In many cities the job of school superintendent offers all the satisfactions of the town spear catcher. Able people often leave the job pierced in soul if not in body. Cities such as Seattle and Portland can get qualified men and women to apply for the job but can't keep applicants interested long enough to hire anyone.
A few hardy souls, such as Boston's Tom Payzant and San Diego's Alan Bersin, hang in there. But most superintendents either quit in frustration or are fired when school boards that can't settle on anything else agree that the superintendent is no good.
Superintendents are not all equally well prepared or skillful, but the problem is more with the job than with the people. School superintendents are expected to keep everyone happy, even such groups as parents of gifted and disadvantaged children who are in a zero-sum competition for money. They are supposed to maintain a warm, fuzzy relationship with teachers whose unions are constantly undercutting reform efforts and grabbing any new money that becomes available for salaries and smaller class sizes. They are supposed to get results out of a district central office, many of whose staff members are tenured lifers or have their own power bases in local churches, neighborhoods, and political clubs.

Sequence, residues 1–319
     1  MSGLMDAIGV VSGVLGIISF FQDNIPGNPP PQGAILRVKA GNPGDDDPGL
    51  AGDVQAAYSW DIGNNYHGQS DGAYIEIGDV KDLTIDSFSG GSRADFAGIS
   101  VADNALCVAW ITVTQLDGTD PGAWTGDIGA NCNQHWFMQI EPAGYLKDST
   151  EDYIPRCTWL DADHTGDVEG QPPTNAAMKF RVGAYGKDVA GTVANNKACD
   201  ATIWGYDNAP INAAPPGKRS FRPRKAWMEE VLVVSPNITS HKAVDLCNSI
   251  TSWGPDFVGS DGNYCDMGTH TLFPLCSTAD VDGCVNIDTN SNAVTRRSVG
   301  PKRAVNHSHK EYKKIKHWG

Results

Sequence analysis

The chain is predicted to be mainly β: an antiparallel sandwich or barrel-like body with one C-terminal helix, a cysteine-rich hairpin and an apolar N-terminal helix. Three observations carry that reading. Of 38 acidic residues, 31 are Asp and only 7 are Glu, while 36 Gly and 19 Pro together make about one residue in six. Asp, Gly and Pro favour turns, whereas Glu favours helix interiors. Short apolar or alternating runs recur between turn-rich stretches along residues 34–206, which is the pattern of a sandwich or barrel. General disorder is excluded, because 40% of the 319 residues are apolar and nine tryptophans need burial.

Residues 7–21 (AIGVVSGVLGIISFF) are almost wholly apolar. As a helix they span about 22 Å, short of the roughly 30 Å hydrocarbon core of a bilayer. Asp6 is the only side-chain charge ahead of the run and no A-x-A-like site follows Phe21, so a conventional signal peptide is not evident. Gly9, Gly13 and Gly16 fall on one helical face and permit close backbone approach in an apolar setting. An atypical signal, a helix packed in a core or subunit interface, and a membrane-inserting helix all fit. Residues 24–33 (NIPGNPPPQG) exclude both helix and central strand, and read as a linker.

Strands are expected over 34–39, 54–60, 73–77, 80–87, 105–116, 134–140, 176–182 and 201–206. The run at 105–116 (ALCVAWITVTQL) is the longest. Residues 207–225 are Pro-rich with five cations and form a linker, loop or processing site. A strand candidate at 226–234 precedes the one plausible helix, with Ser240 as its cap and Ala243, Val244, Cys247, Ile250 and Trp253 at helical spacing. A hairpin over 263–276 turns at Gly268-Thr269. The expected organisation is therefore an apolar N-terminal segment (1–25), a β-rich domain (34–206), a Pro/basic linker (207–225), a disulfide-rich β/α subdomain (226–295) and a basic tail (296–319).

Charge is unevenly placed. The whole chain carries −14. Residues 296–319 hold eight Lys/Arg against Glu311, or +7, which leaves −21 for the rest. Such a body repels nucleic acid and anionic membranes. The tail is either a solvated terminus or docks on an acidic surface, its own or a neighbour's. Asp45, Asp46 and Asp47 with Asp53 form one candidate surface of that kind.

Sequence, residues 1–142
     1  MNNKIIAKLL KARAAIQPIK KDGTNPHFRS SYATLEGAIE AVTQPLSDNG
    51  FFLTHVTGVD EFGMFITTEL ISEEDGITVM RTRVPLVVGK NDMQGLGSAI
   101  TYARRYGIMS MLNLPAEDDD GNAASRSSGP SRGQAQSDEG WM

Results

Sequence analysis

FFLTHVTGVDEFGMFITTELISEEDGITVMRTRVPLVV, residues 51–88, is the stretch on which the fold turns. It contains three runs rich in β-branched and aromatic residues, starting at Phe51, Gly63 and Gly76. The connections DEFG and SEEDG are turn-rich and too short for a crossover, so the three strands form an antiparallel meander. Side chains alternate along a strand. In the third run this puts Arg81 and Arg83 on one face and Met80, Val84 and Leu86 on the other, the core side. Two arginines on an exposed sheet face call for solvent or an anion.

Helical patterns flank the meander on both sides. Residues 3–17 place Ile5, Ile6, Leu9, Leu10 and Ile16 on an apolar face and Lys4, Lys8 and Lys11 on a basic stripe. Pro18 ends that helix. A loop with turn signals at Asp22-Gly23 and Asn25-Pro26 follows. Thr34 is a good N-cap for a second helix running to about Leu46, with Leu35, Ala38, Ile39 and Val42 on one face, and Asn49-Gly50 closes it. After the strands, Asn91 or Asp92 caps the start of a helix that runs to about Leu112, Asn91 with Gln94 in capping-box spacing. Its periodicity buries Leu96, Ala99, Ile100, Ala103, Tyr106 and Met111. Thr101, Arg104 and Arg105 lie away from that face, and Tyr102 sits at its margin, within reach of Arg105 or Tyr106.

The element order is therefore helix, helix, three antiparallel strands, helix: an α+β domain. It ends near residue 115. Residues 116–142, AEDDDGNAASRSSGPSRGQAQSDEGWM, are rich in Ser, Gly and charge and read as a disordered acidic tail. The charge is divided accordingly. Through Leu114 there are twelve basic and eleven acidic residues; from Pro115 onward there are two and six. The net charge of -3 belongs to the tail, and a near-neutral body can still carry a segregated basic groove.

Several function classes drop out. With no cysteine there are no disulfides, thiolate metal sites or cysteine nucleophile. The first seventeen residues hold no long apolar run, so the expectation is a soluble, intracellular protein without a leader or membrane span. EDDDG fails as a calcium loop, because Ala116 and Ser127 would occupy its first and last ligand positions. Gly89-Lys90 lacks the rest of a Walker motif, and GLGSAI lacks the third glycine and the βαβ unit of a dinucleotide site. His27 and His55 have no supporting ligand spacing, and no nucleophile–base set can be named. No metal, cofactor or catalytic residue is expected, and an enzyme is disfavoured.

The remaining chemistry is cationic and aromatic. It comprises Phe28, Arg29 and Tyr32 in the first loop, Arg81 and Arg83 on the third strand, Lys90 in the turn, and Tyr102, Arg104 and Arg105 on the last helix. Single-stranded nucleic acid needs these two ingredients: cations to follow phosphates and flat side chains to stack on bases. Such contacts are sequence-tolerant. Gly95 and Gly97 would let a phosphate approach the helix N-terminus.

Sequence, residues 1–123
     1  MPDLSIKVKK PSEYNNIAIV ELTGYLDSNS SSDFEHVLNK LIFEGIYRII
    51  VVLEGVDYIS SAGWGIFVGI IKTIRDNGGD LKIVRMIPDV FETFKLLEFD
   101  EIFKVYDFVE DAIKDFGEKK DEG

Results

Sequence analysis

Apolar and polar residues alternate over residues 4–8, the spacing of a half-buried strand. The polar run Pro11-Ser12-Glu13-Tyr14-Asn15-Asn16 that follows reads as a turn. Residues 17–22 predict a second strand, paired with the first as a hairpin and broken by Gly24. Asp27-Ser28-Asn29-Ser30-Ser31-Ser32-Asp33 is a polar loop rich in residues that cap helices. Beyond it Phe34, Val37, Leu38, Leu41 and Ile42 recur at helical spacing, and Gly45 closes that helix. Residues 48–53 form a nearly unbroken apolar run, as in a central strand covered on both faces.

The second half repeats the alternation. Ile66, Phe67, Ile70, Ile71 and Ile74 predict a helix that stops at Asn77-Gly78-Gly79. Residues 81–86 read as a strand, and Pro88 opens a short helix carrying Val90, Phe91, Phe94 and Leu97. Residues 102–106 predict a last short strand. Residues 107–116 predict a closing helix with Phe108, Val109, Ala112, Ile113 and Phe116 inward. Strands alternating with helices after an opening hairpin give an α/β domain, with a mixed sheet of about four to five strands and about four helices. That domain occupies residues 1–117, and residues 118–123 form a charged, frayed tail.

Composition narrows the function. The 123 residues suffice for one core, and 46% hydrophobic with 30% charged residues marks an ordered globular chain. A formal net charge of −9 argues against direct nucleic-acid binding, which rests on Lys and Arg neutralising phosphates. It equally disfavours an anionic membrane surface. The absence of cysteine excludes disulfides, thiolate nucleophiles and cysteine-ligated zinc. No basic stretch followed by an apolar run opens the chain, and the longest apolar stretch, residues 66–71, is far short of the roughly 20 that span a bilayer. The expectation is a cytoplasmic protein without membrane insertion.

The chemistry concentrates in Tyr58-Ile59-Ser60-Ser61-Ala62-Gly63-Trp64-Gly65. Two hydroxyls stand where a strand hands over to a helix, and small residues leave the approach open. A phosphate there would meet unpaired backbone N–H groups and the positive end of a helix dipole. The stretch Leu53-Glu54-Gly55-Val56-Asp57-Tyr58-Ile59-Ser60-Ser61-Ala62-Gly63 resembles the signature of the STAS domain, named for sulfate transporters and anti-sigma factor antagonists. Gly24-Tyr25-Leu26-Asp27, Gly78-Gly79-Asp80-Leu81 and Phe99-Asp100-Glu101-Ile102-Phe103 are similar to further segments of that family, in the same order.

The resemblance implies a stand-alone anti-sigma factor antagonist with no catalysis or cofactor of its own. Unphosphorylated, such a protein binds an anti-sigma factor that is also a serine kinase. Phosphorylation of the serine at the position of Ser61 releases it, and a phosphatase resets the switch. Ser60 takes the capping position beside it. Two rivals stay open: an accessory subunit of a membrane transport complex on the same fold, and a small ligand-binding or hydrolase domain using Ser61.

Superintendents are ultimately fired or driven to distraction by school boards, which do a wonderful job of representing all the conflicts and confusions that exist in their communities. It's hard to see how school boards as constituted can do anything else: they too face fractured communities and incompatible demands. But unlike the superintendent they have somebody on whom they can take out their frustrations.
Education insiders keep searching for a mutant strain of individuals who can succeed under these circumstances. But the real problem is with the jobs themselves, both of superintendent and of school board member.
These jobs are setups. Superintendents and school board members are expected to take responsibility for things that they can't influence because state and federal regulations and collective bargaining agreements stand in the way. The scope of the superintendents' nominal powers—hiring all the teachers, spending all the money, choosing all the books, managing all the buses—is so great that every kind of conflict or grievance comes straight to them.
The key to making superintendent and school board jobs doable is to refine the excessive powers and duties to the few that matter, such as focusing on charter schools rather than hiring teachers, holding schools accountable for children's learning instead of dealing with grievances, sending dollars to the schools that parents choose in place of fiddling with centrally administered budgets, withdrawing support from schools that do not teach effectively, developing new schools to replace failed ones, and letting parents choose among schools rather than trying to make the best of a bad family-school match.
Superintendents and school boards can trade in grandiose roles for simpler but more consequential ones and catch a lot fewer spears in the bargain.